Banks make loans to individuals and companies who then pay back the amount of the loan plus interest. Since banks make money from loans, those loans are considered the bank’s assets. However, those assets also come with liability. What if someone defaults on a loan the bank has given them and is unable to pay back the money they owe to the bank? This presents a risk or liability for the bank. While the bank stands to make money by collecting the interest on a loan, they also could potentially lose money if a person is unable to repay the loan.
Sometimes banks will decide they no longer wish to service individual loans. They will then gather a large number of these loans and clump them together with other similar type loans to create a reference portfolio. This portfolio can subsequently be sold to an issuer. At that point, the bank no longer owns those loans. Selling the loans allows the bank to use the profits to make more loans. This is one fundamental way that banks make money.
Issuers can be investment trusts, corporations, or even domestic and foreign governments. Issuers take these reference portfolios and use them to create securities that they then sell to investors. Issuers aggregate the securities into smaller pools based on the level of risk. These are called tranches.
Investors can then choose tranches based on their risk tolerance. Some may be more risk-averse than others, and they will select tranches with lower risk and a corresponding more moderate rate of return. In contrast, other investors may seek higher returns and therefore take on riskier securities.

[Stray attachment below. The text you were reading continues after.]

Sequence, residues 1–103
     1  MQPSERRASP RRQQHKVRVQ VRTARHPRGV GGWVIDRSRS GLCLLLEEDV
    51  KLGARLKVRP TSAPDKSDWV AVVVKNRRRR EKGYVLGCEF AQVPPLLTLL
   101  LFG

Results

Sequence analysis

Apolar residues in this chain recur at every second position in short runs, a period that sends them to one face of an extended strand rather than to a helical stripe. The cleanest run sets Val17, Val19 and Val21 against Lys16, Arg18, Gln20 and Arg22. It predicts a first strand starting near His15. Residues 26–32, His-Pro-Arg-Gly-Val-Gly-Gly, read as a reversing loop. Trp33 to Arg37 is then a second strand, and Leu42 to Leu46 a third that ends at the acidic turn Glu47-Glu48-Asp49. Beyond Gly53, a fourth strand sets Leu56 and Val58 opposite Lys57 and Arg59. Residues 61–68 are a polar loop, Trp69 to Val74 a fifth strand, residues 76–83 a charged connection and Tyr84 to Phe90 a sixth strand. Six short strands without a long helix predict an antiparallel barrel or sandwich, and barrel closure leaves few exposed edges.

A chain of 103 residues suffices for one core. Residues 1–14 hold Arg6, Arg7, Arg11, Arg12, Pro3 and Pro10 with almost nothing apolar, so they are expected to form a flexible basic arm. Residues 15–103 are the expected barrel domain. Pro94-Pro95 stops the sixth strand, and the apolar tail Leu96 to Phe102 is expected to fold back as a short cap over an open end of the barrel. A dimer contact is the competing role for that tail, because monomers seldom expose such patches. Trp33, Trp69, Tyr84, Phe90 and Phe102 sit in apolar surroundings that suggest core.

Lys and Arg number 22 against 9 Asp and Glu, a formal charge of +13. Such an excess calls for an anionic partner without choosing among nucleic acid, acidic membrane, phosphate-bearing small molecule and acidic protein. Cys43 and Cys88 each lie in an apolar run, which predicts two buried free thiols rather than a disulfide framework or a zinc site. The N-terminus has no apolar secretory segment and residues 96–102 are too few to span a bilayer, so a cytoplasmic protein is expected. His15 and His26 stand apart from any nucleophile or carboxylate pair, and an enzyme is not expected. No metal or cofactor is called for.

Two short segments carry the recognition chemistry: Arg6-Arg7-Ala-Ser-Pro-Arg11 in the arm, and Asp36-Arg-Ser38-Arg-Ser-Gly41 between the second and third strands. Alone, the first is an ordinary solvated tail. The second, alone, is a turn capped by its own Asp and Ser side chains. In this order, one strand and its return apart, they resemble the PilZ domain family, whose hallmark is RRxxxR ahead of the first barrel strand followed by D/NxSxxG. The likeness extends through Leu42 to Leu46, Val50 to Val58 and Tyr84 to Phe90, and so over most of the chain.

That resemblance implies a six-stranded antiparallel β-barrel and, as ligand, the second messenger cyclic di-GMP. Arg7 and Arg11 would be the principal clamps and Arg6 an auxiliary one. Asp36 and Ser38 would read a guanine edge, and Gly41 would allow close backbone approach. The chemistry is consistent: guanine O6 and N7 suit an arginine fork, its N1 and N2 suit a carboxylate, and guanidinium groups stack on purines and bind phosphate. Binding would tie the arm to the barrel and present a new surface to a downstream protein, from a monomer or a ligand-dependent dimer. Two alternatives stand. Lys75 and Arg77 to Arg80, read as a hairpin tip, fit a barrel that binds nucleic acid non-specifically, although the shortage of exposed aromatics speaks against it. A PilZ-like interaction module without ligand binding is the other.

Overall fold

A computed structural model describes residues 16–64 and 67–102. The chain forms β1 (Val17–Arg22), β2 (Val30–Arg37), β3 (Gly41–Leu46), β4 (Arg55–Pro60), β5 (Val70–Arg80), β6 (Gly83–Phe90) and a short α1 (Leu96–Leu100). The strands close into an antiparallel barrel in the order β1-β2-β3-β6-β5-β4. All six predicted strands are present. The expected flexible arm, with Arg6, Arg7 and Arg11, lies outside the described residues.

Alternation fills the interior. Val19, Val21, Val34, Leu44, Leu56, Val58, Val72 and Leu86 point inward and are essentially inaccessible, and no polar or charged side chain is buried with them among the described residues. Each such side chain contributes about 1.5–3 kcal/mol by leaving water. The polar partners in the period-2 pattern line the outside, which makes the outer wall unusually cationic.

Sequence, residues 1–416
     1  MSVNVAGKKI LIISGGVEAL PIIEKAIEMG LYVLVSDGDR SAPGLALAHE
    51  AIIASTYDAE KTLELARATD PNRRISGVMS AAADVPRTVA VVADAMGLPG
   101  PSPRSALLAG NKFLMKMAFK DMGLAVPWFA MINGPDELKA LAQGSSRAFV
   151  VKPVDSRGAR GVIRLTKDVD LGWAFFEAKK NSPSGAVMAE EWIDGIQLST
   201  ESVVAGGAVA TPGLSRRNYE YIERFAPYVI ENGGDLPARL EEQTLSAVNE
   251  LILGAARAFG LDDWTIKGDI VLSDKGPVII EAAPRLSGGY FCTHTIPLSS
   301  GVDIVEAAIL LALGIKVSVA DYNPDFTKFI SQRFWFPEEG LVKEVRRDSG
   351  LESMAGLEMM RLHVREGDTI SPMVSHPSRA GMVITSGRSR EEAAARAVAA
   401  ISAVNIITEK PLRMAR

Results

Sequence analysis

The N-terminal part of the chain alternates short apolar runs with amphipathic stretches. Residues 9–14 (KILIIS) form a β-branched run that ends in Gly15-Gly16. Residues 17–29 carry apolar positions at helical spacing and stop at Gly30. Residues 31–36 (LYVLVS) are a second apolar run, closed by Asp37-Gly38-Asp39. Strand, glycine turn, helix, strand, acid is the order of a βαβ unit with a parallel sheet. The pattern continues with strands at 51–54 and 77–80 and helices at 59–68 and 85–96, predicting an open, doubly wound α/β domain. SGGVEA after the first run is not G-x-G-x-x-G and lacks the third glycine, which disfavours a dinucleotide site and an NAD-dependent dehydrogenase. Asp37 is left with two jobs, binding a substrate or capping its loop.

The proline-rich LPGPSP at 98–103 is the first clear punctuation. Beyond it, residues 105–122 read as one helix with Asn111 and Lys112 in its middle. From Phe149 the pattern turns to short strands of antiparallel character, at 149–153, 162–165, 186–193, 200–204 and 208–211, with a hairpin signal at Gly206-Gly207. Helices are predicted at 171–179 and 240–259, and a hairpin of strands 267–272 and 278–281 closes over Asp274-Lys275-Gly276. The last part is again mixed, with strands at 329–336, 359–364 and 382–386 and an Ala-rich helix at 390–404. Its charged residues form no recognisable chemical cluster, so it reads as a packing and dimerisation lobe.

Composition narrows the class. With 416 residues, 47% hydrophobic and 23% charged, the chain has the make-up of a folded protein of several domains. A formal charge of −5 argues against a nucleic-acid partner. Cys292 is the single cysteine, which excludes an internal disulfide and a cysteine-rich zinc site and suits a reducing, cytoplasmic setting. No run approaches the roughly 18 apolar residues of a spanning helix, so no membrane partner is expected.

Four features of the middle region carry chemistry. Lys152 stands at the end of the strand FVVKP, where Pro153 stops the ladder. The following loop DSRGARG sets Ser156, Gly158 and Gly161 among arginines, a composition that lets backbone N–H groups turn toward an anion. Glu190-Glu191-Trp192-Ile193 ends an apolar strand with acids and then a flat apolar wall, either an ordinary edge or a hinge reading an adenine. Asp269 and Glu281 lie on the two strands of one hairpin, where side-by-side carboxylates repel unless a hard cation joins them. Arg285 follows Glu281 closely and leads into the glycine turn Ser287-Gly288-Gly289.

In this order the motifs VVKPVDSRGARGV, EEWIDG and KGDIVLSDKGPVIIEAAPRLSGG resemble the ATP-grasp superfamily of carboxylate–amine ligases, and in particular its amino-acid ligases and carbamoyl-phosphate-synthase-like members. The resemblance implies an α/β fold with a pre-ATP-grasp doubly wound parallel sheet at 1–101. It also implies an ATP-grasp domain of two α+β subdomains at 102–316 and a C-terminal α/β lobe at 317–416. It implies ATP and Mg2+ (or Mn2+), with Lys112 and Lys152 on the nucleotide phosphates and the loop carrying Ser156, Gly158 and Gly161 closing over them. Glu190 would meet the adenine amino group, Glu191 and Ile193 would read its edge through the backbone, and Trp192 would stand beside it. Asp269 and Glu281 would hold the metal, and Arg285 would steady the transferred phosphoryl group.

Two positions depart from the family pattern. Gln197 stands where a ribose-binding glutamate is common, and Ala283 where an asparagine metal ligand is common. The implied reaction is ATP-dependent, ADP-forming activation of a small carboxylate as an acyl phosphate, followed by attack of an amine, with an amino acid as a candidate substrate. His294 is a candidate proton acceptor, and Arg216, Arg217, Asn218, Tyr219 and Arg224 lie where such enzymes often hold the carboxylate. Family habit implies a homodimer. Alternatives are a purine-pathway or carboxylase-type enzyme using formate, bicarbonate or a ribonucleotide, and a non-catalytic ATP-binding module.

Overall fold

Investors buying securities at varying levels of risk ensures liquidity in the market. The investors are paid back as loans are paid off over time, so it provides them with a steady source of income. Securities have other benefits beyond just turning illiquid assets into liquid ones and making money for investors, though. Since they free up capital for banks and other financial institutions, those banks and institutions are then able to make more loans to individuals and companies – thus growing the economy.
Along with the good, though, there are some drawbacks to securities. Though most loans included in securities are backed by some tangible asset such as a house or a car, there is no guarantee that the asset will still be as valuable as it originally was if debtors are unable to repay their loans. If the debtors default and the asset is no longer as valuable, investors can be left holding the bag. As such, investors must have an understanding of the debt that is underlying the product they’re buying. It is incumbent on them to do their due diligence and research their investments. Since the debts have been bundled in securities, transparency can be limited. Investors are also at risk if debtors pay their debts off early or refinance their loans as they won’t receive as high a return on investment without the interest the loan would have accrued over time.